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EIR Publishes Feature: ‘The Guyana-Venezuela Crisis: Snatching Development from the Jaws of War’

The forthcoming (Jan. 5, 2024) issue of Executive Intelligence Review carries an article headlined “The Guyana-Venezuela Crisis: Snatching Development from the Jaws of War.” It states:

“The solution required—for Guyana-Venezuela and the other cases [of geopolitical border conflicts] as well—is to put the border dispute on hold, with each side committed to continuing negotiations, while large-scale, joint economic development projects are launched in the region. This will generate a situation in which each side shares a common interest in each other’s development—the win-win approach that was behind the 1648 Peace of Westphalia, and which is at the center of China’s Belt and Road Initiative today. Moreover, such an approach will introduce the decisive element of progress and optimism into their populations, which will shift their identity away from the dog-eat-dog world of British geopolitics, and toward fostering the common good of all nations.

“The key role will have to be played by Brazil, both as a neighbor of Guyana and Venezuela, and as one of the founding five BRICS nations (along with Russia, India, China and South Africa). On Jan. 1, 2024, the BRICS will expand by another five members (Egypt, Saudi Arabia, U.A.E., Ethiopia, and Iran), and there is a list of some 20 nations—including Venezuela—which have also applied for membership. Brazil would back Venezuela’s entry, and sponsor Guyana’s application for membership as well, either as a full-scale member or perhaps by creating an intermediate category of Friends of the BRICS that would be applicable to many smaller nations like Guyana (which has a population of 800,000).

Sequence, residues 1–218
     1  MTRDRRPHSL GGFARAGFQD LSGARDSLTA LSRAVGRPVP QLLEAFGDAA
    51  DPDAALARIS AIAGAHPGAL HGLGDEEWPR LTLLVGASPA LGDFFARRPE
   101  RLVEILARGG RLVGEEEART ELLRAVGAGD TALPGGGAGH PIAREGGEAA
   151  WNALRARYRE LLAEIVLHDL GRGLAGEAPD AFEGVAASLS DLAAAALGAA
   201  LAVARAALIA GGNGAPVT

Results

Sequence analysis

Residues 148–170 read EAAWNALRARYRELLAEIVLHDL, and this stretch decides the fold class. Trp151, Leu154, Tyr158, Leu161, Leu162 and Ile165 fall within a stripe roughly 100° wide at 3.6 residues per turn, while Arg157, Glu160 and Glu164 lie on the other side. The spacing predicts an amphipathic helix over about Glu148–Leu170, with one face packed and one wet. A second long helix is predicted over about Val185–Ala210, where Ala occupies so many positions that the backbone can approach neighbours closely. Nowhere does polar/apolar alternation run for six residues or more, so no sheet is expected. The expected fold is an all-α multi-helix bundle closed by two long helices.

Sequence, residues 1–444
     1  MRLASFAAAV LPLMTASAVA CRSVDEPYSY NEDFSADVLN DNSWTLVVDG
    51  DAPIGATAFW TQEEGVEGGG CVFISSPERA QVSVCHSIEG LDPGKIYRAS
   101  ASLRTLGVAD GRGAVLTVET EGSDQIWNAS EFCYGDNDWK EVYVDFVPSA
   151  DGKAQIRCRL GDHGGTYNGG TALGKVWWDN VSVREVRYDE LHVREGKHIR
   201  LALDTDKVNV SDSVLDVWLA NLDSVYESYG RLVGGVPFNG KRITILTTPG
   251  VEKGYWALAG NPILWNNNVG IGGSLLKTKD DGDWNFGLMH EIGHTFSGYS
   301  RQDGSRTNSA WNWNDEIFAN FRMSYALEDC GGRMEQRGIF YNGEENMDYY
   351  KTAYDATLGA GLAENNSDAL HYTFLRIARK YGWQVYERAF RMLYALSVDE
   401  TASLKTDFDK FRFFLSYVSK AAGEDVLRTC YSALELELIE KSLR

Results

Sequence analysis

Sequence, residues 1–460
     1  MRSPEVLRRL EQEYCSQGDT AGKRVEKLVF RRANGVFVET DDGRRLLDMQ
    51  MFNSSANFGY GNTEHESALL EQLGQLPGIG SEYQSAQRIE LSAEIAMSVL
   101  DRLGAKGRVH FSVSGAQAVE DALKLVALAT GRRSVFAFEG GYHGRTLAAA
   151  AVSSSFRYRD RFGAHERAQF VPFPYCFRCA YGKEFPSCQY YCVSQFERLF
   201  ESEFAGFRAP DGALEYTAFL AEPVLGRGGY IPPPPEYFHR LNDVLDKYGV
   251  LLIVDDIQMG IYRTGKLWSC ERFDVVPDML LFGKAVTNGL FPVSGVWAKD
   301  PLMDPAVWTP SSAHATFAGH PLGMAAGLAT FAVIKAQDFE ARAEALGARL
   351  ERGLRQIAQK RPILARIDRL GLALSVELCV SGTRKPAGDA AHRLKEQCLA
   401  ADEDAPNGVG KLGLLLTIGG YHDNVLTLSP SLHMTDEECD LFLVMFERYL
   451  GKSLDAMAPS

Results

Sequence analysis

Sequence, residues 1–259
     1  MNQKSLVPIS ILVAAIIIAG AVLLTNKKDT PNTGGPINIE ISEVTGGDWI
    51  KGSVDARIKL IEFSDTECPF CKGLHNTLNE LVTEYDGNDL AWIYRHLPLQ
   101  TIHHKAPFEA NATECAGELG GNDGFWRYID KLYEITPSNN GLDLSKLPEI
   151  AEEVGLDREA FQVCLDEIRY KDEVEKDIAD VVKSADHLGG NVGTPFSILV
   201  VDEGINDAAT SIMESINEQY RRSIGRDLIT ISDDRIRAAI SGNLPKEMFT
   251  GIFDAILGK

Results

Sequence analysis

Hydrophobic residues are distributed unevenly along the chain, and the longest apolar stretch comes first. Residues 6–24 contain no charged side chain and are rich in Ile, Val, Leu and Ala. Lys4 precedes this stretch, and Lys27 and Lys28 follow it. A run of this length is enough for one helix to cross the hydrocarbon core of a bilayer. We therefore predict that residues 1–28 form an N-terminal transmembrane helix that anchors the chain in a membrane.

“Joint development of the entire region, emphatically including the offshore oil deposits of Venezuela, Guyana and Suriname as well, would be launched under Brazil’s economic and political leadership. In addition to being a member of the BRICS, Brazil has announced it will join the OPEC-Plus group of world oil producers on Jan. 1, 2024. And it has a national oil company, Petrobras, which has world class capabilities and experience in offshore and onshore oil exploration and exploitation, in the Americas, the Middle East, and elsewhere….

“Proceeds from the combined oil revenues, even in disputed areas, would be reinvested in a series of great infrastructure projects which are also multinational in nature…. High-speed rail corridors would be built across the entire northern coast of South America, connecting Brazil, French Guiana, Suriname, Guyana and Venezuela—and going on from there to Colombia, across the Darién Gap, and into Central America and Mexico….

“Oil revenues generated in the region can be used to launch an investment fund to provide credit for the above projects. As additional funds are required, above and beyond the oil revenues generated directly, the BRICS New Development Bank is well suited to meet that need. Under the leadership of former Brazilian President Dilma Rousseff, the NDB has stepped up lending to BRICS member nations and others in the Global South, including loans in local currencies. In this case, a portfolio of credits in Chinese yuan and Brazilian reais could be put together to finance the above projects, especially since most of the contractors will be Chinese, Brazilian and other regional companies.

“As the BRICS-10 take up the task in 2024 of not only further de-dollarizing their trade and investment activities, but also devising a new financial architecture to replace the current bankrupt system—including a new common currency to facilitate long-term productive investment—the Guyana-Venezuela joint development perspective provides precisely the sort of ambitious expansion of NDB activity that many BRICS nations are looking for.”